Other than having a dark sense of humor, why would I title an article about this LEGO gas station in such a way? The service station has a well-worn feel. There’s a couple of motorcycles and the patrons there seem friendly enough. But when you take a close look at this creation by Dan the Fan you begin to see several minifig torsos used in creative ways. There are two in gray holding up the shell sign and four in dark gray acting as the base for the water tower. Several more upside-down torsos comprise the trim design of the building while another two in red make up part of the gas pump. My favorite use of the minifig torso however is in the road sign, partially comprising the shape of Texas. Can you spot other uses for the minifig torso? (Other than the ones obviously used as minifig torsos.)
The apocalypse didn’t happen quite as we had expected. Most of us have the masks and social distancing down pat, but when is it appropriate to start wearing spiked shoulder pads and warpaint? I mean, will shouting “witness me!” while spraying chrome paint over my teeth whisk me away to glorious Valhalla, or will it just make me look foolish at a Starbucks? I really want to do right by this apocalypse thing. I can assure you, the last thing I want is to look foolish at Starbucks while ordering a pumpkin spice latte. This LEGO abandoned garage by Kai/Geneva reminds me that this has been more of a stay home, stay safe and watch Netflix kind of apocalypse. I do hope that they hang in there, though.
While I have not visited a gas station in nearly three months, there may come a time when we’ll have rage-fueled war convoys, and when that happens, we’ll need all the gas we can get. So hang in there, please! Someday, when apocalyptic fashion dictates, I may outfit my little Beetle with truck tires and steel girders and wreak bloody havoc on the Fury Road…or to Whole Foods to pick up some kale and quinoa. You know, the impulse items.
What has six legs, barks, and has a lot of gas? The answer, of course, is this lovely 1960s AGIP gas station built by Norton74. AGIP was founded in Italy back in 1926, and the company’s mascot is an unusual looking six-legged fire-breathing dog. For this model, Norton74 drew inspiration from his childhood memories of classic AGIP gas stations, and the results are spectacular. The structure’s rounded walls and sloping roof are not only characteristic of the period being represented; they also add a visual interest that really makes this model “pop.” Other fun details include a pair of slick looking gas pumps, utility poles, and even a cute dealer display for Pirelli tires. Finishing off the entire scene is a sharp looking yellow AGIP tanker truck.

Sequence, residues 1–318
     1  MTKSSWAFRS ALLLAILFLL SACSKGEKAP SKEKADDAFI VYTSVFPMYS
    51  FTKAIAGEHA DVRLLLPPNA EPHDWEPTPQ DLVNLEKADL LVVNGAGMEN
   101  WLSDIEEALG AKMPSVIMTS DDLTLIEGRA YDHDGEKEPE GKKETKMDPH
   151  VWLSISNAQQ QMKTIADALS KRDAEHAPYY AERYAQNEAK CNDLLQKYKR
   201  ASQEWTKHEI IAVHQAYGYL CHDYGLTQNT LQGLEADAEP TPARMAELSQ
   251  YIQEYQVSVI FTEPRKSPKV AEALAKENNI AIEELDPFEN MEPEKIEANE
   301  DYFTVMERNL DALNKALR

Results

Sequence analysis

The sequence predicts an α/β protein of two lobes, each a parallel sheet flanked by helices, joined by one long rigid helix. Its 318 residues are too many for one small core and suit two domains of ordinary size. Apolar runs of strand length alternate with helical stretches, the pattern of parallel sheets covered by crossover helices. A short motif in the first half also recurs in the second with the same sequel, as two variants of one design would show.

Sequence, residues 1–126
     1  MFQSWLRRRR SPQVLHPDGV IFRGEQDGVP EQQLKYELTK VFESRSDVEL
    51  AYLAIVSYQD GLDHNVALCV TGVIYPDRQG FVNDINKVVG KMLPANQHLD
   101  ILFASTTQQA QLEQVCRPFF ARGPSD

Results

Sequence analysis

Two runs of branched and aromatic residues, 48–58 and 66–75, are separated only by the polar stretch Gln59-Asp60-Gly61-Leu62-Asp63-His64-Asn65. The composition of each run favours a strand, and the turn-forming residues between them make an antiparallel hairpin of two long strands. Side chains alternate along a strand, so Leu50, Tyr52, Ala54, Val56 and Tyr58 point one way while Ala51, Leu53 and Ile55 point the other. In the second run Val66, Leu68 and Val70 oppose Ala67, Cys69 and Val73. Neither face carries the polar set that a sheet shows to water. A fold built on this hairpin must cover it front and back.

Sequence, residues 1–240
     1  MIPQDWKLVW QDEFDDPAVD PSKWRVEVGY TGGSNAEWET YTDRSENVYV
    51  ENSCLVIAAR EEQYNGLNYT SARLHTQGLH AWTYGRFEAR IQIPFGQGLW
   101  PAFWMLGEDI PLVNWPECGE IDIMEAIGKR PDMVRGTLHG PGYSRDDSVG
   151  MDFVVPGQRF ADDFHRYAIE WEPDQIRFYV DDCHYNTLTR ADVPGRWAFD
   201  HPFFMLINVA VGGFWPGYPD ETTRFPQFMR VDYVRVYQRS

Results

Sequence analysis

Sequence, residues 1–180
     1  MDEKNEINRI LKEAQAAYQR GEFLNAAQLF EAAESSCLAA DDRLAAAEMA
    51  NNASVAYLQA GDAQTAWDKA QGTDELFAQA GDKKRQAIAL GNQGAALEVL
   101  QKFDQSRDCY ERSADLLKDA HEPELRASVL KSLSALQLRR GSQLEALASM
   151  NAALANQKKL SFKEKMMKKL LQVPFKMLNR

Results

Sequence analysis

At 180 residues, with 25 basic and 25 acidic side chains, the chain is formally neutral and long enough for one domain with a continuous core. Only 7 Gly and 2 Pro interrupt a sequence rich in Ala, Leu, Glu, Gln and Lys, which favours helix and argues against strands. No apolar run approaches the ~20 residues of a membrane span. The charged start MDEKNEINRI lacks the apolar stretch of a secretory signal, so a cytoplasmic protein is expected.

But wait; there’s more. Flipping the gas station around reveals a fun backyard junkyard, which is something you would almost expect to see behind the real deal. Someone had better lift that oil drum upright, though!
This rustic gas station was built by Markus Rollbühler. He started things off with the Ford tow truck, which then served as the inspiration behind the surrounding architecture and landscaping. According to Markus, he’s “not much of a car builder,” but I can’t help but be impressed by the intricate-looking towing mechanism on the back of his vibrant, bright-light-orange truck. Thanks to the excellent use of darker colors, Markus’ gas station really looks like something you might find while cruising down Route 66.
There are plenty of little details to enjoy, including the building’s tilted siding, the custom-built outdoor furniture, and the little red bird in the tree. In particular, I’m loving the design of those trees, which uses several green feather parts as leaves. This same technique was used in one of Markus’ models we featured back in October. In fact, that particular tree looks like it might have been transplanted next to this gas station.
Somewhere in the heart of America, in some tiny, rundown town, sits a gas station just like this one. Actually, there are many of them along old nearly-forgotten interstate highways. They are a staple of rural American culture. The original (non-LEGO) miniature diorama by Yasu Okugawa from Doozy! Modelworks, was built with many materials, and is quite beautiful. But this version by César Soares packs a ton of detail into a small space, using only LEGO! He does a wonderful job of capturing as many aspects of the original as possible. (Aside from the added touch of recognizable LEGO stickers instead of the originals)
The build is definitely one to zoom in on and take a while to look at every angle. From revolver gas-pump handles to green artist-pallette trees, and even spoon chair legs, it’s certainly a clever use of parts. The techniques used to achieve such an authentic look on the building, pumps, and car are truly impressive!